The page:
I know that Paradise Lost is technically a poem and not a novel, but come on, it spans twelve books, so I'm sure nobody is going to nitpick this factor. For anyone here unfamiliar with their 17th-century poets, Paradise Lost is basically a massive poem about how Adam and Eve were tempted by Lucifer and tricked into the fall of man. Milton's views on the subject couldn't be any clearer, he explicitly states in the first book that it is written with the express purpose of justifying the ways of God to men.

The interesting thing is that despite Milton being a devout Christian and lots of devout Christian readers enjoying the books over the years, it doesn’t appear to be as clear cut when thoroughly examined. Some readers came to the conclusion that instead of the hero being one of the "good" characters, it is actually the "evil" character, Satan, who displays all the characteristics of a hero. It brings up an interesting point about how readers are actually the ones that have ultimate control over the message and viewpoints an author expresses in their books. Perhaps I'm reading too deeply into this whole thing, but it is interesting topic to explore if you are an avid reader.

Another interesting example would be the Harry Potter books by J. K. Rowling. What makes these particular series fascinating is that while very good and quite popular, reading the books doesn't exactly give you any insights into the political leanings of the author. However, we live in the era of social media, so fans have a greater opportunity than ever before to gain insights into the minds of those they admire, which in this case is Rowling. She has made it abundantly clear on social media that her views are very progressive and that she fully supports social justice. It has also resulted in a couple of clashes with some of her readers when she suddenly began to change a couple of things about their back-stories to bring them in line with her views. The books are already written and nothing about them are changed in any way, so one could say that this is an easy way to gain favor and points with the progressive crowd without altering your artistic views or actually changing anything tangible about your existing body of work. I am in no way implying that authors cannot change their views over time or should always be beholden to what they have written in the past, but simply attempting to "rewrite history" so to speak is taking the easy way out.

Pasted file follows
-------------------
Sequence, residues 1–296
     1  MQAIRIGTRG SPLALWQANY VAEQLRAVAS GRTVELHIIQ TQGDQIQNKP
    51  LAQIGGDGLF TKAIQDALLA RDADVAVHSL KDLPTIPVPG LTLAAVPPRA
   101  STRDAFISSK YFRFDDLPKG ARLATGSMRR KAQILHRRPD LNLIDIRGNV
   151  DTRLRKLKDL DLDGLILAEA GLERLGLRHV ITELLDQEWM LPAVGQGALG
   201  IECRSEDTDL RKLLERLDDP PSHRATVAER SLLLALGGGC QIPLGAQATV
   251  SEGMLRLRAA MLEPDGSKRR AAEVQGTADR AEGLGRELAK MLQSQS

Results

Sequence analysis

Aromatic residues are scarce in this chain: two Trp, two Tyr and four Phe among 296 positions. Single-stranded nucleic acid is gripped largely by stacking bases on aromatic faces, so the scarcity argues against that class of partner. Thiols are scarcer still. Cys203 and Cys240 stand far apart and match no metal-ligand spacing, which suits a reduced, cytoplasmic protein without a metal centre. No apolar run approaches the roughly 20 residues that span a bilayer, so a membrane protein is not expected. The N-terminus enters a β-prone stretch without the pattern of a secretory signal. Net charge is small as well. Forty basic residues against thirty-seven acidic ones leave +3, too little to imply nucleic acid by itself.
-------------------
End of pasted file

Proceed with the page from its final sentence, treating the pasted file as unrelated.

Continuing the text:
I could list a couple more examples if anyone is interested in the topic, but I would love to hear what everyone else thinks about this type of phenomena.
I'm very sure that there are thousands of authors who pass away without ever completing that book that they have been putting off for so long. If you mean published authors who were actively working on a book, but died so suddenly that they were unable to complete it then the most conspicuous answer would be Robert Jordan. His Wheel of Time series is often cited as one of the best examples of epic fantasy literature on the market, but sadly he died before he could ever finish the whole story. If there is any consolation in this tragic loss, it is that Jordan knew what was coming while writing the final book and made enough notes to ensure someone else could finish it for him.

To ad something that is a little less obvious and well known; I don't think it is common knowledge, but The Canterbury Tales by Geoffrey Chaucer is also thought to be incomplete. I did a little digging and apparently Chaucer only managed to get down twenty four stories on paper before passing away. While this is a fairly large selection, it pales in comparison to the one hundred stories that he originally planned.
Tom Lowe - Mystery-Thriller Inspired by Butterflies
FEATURED AUTHOR - Tom Lowe is a mystery-thriller author who currently writes three series. The Sean O'Brien series features Florida as a backdrop. After his wife dies of ovarian cancer, O'Brien tries to put the pieces of his life back together. His powers of observation, both in human nature and crime scenes, attracts wounded people in his direction. But his past often intersects with the present leaving a future that that's beyond his choosing. As our Author of the Day, Lowe tells us all about the latest Sean O… Read more